From the Richmond Times Dispatch, May 10, 2020
The Virginia General Assembly approved expansion of Medicaid last year, providing access to health care for 400,000 Virginians. The question is: Who will provide care to all of these citizens?
The American Association of Medical Colleges estimates the nation will face a shortage of primary care physicians until 2032. One viable option for providing high-quality primary care is nurse practitioners. Evidence shows that care provided by nurse practitioners increases patient access and reduces overall health care expenditures. Investing in the training of nurse practitioners can help close this gap.
400,000+Additional number of Virginians now covered by Medicaid after its 2019 expansion
Prior to Medicaid expansion, 10 Virginia counties demonstrated persistent need for primary care providers for three to five decades. Many of these counties have a ratio of more than 6,000 patients to one provider.
Nurse practitioners are the most likely clinicians to provide care to underserved and disadvantaged groups, such as non-white, poor or uninsured patients. Given that nurse practitioners provide high-quality primary care and are more likely to treat Medicaid recipients, it makes sense to grow this workforce to meet demand.
Expanding Virginia’s nurse practitioner workforce requires education and training. Clinicians, like those in Virginia, are likely to practice in locations where they were trained or grew up. Training more nurse practitioners in Virginia will likely lead to more nurse practitioners in the state once training ends. More than half of Virginia’s nurse practitioner workforce earned its initial professional degree in the state.
All six state-funded Virginia colleges and universities that offer nurse practitioner programs report their capacity to train nurse practitioners is limited by a shortage of preceptors who are critical for training.
Accreditation standards require that nurse practitioner students complete at least 500 hours of direct patient care experience, typically in one-on-one settings, like an apprenticeship. But unlike training for medical students, apprenticeships for nurse practitioners are not supported by federal funding.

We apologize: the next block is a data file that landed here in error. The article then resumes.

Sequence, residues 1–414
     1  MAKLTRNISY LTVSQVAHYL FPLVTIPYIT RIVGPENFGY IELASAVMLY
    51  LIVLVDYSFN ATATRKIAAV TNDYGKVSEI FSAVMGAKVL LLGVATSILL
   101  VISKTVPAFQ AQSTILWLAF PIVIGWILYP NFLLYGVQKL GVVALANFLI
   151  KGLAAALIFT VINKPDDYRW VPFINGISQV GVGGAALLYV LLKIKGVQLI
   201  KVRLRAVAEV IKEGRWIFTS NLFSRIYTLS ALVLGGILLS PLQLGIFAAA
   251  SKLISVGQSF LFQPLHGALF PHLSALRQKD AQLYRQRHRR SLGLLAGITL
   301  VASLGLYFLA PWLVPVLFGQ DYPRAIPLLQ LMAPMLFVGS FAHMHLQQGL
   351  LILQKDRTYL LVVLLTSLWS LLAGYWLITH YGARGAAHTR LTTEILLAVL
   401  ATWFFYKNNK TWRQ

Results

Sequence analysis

To incentivize qualified preceptors, nursing schools are getting creative by granting them affiliate faculty status, library access and small tokens of appreciation. Still, this is not enough to guarantee a sufficient increase in preceptors.
The obvious solution, significant financial incentives, isn’t possible without raising tuition and fees. This is not ideal, though, given that nearly half of all nurse practitioners in Virginia report carrying significant education debt. The nurse practitioner apprenticeship training model is therefore in jeopardy, partially due to a lack of attractive incentives for preceptors.
Precedent exists for state legislation to provide financial incentives for qualified nurse practitioner preceptors, such as licensed physicians, physician’s assistants and advanced practice registered nurses. Five states — Georgia, Maryland, Hawaii, South Carolina and Colorado — passed legislation that provides preceptors a tax credit, as opposed to a tax deduction.
As Virginia’s General Assembly considers budget planning, consideration should be given to developing the nurse practitioner workforce. Concerned citizens and forward-thinking legislators will want to support a modest investment in a budget amendment carried by Del. Cliff Hayes, D-Chesapeake (Item 295, #3h) and Sen. George Barker, D-Fairfax (Item 295, #2s) this 2020 legislative session, which would create a $500,000 nursing preceptor incentive program. This would be a supportive grant incentive program administered by the Virginia Department of Health.
Supporting the budget amendment will help more nurses become nurse practitioners and meet the health care needs of Virginians. These capable clinicians are a valuable resource in the commonwealth and deserve our support.